$$\begin{aligned} P=\frac{\sum _{m=1}^{M}P_{T}^{m}}{M} \end{aligned}$$
(9)

Graph convolutional network

According to correlation representations learning, we obtain the fused discriminant representation matrix \({\textbf {y}}\). According to similarity matrices construction, we obtain the fused similarity matrix P. Then the \({\textbf {y}}\) and P were used as the input of graph convolutional network for model training and prediction. In this paper, we construct the graph convolutional network \(G = f({\textbf {y}},P)\) with three layers for training and prediction, that is,

$$\begin{aligned} H_{g}^{l+1}=\sigma \left( \tilde{D}^{-\frac{1}{2}}\tilde{P}\tilde{D}^{-\frac{1}{2}} H_{g}^{l}W_{g}^{l}\right) \end{aligned}$$
(10)

where \(\tilde{P}=P+I_{N}\) denotes the adjacency matrix of the undirected graph G with added self-connections. \(I_{N}\) represents identity matrix, \(\tilde{D}_{(i,i)}= \sum _{j}\tilde{P}_{(i,j)}\), \(W_{g}^{l}\) is trainable weight matrix of the l-th layer, \(H_{g}^{l}\) points to the matrix of activations in the l-th layer (\(H_{g}^{0}={\textbf {y}}\)), and \(\sigma\) is the activation function.

To describe the effectiveness of quantitative variables on survival time, we introduce Cox loss as loss function [25], that is,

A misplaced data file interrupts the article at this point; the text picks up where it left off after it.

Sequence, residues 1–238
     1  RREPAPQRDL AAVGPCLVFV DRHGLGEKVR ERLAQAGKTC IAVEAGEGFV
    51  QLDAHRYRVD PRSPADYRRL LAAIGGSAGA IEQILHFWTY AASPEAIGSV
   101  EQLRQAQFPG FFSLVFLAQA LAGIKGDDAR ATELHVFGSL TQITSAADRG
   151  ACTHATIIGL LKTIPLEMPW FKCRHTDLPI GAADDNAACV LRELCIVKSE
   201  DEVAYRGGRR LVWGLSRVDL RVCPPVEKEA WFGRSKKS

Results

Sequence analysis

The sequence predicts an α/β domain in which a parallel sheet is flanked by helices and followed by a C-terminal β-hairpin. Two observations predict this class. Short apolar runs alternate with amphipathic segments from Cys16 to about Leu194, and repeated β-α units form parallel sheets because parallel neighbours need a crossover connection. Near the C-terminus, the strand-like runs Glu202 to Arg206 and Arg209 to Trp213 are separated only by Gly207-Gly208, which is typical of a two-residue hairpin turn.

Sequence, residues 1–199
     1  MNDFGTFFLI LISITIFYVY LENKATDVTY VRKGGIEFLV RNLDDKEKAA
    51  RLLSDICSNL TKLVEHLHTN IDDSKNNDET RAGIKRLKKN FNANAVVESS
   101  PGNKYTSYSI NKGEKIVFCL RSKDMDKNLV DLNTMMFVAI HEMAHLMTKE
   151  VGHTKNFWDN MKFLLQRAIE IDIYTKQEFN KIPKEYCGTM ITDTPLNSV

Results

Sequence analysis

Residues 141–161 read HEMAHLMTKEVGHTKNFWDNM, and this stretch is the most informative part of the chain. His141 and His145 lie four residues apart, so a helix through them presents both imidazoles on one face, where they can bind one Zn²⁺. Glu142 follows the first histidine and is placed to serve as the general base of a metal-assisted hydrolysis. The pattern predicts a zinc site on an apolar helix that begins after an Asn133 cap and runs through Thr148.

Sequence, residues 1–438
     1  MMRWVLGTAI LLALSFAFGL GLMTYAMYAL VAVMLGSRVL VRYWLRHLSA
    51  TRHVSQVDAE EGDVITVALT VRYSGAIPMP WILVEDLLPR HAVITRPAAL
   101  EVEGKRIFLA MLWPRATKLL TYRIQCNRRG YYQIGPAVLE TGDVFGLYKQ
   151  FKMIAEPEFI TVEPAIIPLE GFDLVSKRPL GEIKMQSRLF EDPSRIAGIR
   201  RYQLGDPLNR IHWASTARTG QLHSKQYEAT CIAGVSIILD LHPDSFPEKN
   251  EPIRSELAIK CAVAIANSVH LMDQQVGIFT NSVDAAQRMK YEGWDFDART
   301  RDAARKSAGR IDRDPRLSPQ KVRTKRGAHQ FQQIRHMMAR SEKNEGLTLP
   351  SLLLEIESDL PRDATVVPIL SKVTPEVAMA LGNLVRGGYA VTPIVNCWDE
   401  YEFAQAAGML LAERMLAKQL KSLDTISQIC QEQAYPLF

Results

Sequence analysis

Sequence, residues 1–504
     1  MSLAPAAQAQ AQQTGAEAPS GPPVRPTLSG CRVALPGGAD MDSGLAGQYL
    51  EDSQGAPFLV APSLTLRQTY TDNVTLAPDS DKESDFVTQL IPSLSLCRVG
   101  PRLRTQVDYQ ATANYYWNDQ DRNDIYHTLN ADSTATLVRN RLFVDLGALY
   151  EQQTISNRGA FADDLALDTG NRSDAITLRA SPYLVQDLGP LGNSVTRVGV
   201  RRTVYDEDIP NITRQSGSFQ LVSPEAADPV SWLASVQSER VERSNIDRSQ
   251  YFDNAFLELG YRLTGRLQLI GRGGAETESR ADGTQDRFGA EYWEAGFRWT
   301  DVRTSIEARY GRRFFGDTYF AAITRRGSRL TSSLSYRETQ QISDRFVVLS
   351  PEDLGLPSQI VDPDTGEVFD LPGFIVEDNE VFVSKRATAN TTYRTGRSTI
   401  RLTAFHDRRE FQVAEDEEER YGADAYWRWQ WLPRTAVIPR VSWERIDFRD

$$\begin{aligned} L\left( \beta \right) =-\sum _{i:C(i)=1}\left[ \phi _{i} -log\left( \sum _{t_{j}\geqslant t_{i} } e^{\phi _{j} }\right) \right] \end{aligned}$$
(11)
$$\begin{aligned} \phi _{i}= z_{i}\beta \end{aligned}$$
(12)

where \(\phi _{i}\) denotes the log hazard ratio for sample i, \(z_{i}\) denotes the learned vector from graph convolutional network, \(\beta\) represents coefficient weight vector between \(z_{i}\) and the output \(\phi _{i}\). C(i) is the censorship flag. If sample i is uncensored sample, \(C(i)=1\), otherwise, if sample i is censored sample, \(C(i)=0\). \(t_{i}\) points to the survival time for patient i, where patient i should be uncensored samples. \(t_{j}\geqslant t_{i}\) points to the survival time of j-th sample is longer than that of i-th sample, where patient j can comes from either uncensored samples or censored samples.

Optimization

Feedforward and calculate the loss

For each of the V data types, the sample set \({\textbf {x}}^{v}\) are fed forward to the MDJL as in Eq. 1, and the output of the MDJL is denoted as \(\left\{ z_{i} \right\} _{i=1}^{N}\). The loss of the whole network is calculated as in Eq. 11, denoted as \(L\left( \beta \right) =-\sum _{i:C(i)=1}\left[ \phi _{i} -log\left( \sum _{t_{j}\geqslant t_{i} } e^{\phi _{j} }\right) \right]\).

Update neural networks

\(\left\{ \left\{ f_{v} \right\} _{v=1}^{V},\left\{ \psi _{v,u}\right\} _{v,u=\left\{ 1,\ldots ,V\right\} ,v\ne u},G \right\}\). The network parameters of \(\left\{ \left\{ f_{v} \right\} _{v=1}^{V},\left\{ \psi _{v,u}\right\} _{v,u=\left\{ 1,\ldots ,V\right\} ,v\ne u},G \right\}\) can be jonintly optimized by minimizing Eq. 11. We perform batch gradient descent with the whole dataset in each iteration for network training.